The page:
Make no mistake, Blubberhouses is a very strange name. Derived from the Anglo-Saxon word Bluberhus meaning house on the bubbling stream. It’s not a very big village. According to the 2011 census there were only 100 inhabitants. Anyway, that’s enough info from Wikipedia. Blubberhouses was the start and finish point for one of the best runs that me, my lovely wife Helen and our silly little pointer had ever done.


We parked up at the smaller reservoir car park, which was already nearly full as we nabbed the last spot, and headed west along the old road parallel to the horrendously busy A59. Taking it easy, walking the up hills and gently running the flat and down hill sections was the plan. We also opted to go anti-clockwise as there would be a few short cuts back to the car if needed.

Up on the old road we both looked around as we could hear horses, but couldn’t see any. Possibly ghost horses. More likely Nelly’s paws were echoing off the stone wall sounding remarkably like hooves. We soon reached the A59 and took a few moments for a gap in the traffic. This next section was the only part of the route where I was worried about staying on the footpath, however, it turned out to be fairly clear which way to go.

Due to the young grouse on the moor Nelly was on a short lead, although a  baby grouse still managed to jump into her mouth. A gentle tap on the snozzle and she released it unharmed. Nelly will be telling her friends about that for a long time. Almost as exciting as that time she found a pheasant trapped under a car outside our house. We do have to be careful around birds as she does have a tendency to lose her little brain.


With only four miles done we reached the high point of our run at the top of Round Hill. This was also where we first saw other people, 3 runners and a couple of mountain bikers. We followed the bicycle tracks down and then up to Lippersley Pike at just under half way round but all down hill from here. Again, more people, almost busy on the fell. A quick selfie with the beautiful Mrs B before setting off again. (Oh, and you might notice that I’ve had a trim.)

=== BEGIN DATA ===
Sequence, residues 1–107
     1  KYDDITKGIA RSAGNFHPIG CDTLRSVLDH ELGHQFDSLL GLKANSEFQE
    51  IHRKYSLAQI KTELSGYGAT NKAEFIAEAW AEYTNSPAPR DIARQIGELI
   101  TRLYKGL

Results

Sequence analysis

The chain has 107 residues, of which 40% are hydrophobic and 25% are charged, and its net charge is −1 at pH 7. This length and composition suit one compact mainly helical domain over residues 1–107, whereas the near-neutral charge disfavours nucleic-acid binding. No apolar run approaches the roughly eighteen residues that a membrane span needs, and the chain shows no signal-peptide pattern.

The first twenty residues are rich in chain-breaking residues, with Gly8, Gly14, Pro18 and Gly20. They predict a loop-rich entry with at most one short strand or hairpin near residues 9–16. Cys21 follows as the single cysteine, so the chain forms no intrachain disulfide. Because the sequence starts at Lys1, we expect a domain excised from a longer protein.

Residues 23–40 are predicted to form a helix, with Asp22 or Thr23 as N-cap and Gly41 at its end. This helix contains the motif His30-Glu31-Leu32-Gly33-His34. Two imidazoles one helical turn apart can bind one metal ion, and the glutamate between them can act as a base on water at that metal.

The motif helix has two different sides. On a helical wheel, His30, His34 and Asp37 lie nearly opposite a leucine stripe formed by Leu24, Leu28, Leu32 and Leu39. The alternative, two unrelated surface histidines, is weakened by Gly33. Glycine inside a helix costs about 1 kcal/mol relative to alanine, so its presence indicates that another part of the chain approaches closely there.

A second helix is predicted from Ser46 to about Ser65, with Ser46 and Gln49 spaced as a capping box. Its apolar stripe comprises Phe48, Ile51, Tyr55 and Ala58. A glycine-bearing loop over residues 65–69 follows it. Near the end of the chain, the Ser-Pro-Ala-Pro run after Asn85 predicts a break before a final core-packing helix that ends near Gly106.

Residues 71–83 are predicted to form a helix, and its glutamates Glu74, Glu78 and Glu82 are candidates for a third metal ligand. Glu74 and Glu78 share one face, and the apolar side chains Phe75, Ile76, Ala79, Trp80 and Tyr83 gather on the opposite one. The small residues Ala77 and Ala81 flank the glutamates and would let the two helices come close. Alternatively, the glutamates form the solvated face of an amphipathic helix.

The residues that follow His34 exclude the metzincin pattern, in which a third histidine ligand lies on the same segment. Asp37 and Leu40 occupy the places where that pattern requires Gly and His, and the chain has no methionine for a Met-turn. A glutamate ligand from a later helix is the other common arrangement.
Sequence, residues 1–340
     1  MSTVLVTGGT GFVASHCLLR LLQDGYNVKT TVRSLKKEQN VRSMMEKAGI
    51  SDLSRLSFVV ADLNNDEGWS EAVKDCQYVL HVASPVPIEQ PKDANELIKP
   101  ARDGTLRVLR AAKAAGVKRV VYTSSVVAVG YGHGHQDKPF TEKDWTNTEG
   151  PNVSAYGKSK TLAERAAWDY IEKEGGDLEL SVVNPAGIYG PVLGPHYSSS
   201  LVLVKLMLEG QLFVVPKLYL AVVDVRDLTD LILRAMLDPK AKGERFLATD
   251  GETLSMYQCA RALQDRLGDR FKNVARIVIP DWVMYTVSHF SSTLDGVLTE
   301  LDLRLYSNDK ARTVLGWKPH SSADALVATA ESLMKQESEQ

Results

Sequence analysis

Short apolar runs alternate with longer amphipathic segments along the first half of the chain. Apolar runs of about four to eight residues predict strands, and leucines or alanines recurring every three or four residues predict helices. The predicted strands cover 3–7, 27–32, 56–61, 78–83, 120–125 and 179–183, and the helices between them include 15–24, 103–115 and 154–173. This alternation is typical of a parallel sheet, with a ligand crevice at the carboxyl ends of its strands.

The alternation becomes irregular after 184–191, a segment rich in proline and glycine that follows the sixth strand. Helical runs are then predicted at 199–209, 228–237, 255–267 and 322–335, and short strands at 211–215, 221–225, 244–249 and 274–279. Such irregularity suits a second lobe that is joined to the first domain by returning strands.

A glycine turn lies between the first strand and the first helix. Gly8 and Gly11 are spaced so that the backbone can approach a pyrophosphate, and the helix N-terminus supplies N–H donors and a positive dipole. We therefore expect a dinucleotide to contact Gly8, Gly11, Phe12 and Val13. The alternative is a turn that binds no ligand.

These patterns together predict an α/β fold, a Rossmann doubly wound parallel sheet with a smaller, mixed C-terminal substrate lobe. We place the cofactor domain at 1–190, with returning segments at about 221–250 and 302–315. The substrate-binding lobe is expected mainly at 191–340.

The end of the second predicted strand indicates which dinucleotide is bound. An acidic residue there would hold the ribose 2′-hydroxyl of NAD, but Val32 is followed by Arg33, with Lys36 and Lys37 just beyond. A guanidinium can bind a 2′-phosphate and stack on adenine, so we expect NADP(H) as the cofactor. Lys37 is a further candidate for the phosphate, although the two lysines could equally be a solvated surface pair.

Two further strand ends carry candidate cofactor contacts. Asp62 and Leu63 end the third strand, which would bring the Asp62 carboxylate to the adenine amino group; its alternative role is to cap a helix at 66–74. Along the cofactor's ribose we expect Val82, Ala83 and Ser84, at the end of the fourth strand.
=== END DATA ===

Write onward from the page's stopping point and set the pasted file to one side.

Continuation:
A little further and we came across a small house, with security cameras at the gate. We stopped to take a photo of the Menwith Hill giant ‘golf balls’. Unfortunately they are not very clear on the photo, but the track  was great for running.


There was a short section on the road towards the larger reservoir car park, with loads of cars passing us, so we opted for the slightly longer route which would take us to the Swinsty Reservoir, via a few sheep fields. Hitting the reservoir path we were immediately inundated with other people, and as we neared the higher Fewston Reservoir the number of people increased exponentially. The car park here was insane. Completely full. The last couple of miles were along the wiggly reservoir path which was very well maintained and very popular.

11.5 miles at a gentle pace, but we were all tired and thirsty. Both me and Helen had been carrying two water bladders, of which one of them was for Nelly, although she did supplement her water by drinking from muddy puddles and the odd stream.

Once home me and Nelly curled up on the sofa while my even more brilliant wife went to Aldi, bought a chicken and the cooked a roast chicken dinner with all the trimmings. One of the best days out ever.


One thought on “Blubberhouses

  1. Pingback: Panther Takes the Hindmost | Beards and Triathlons

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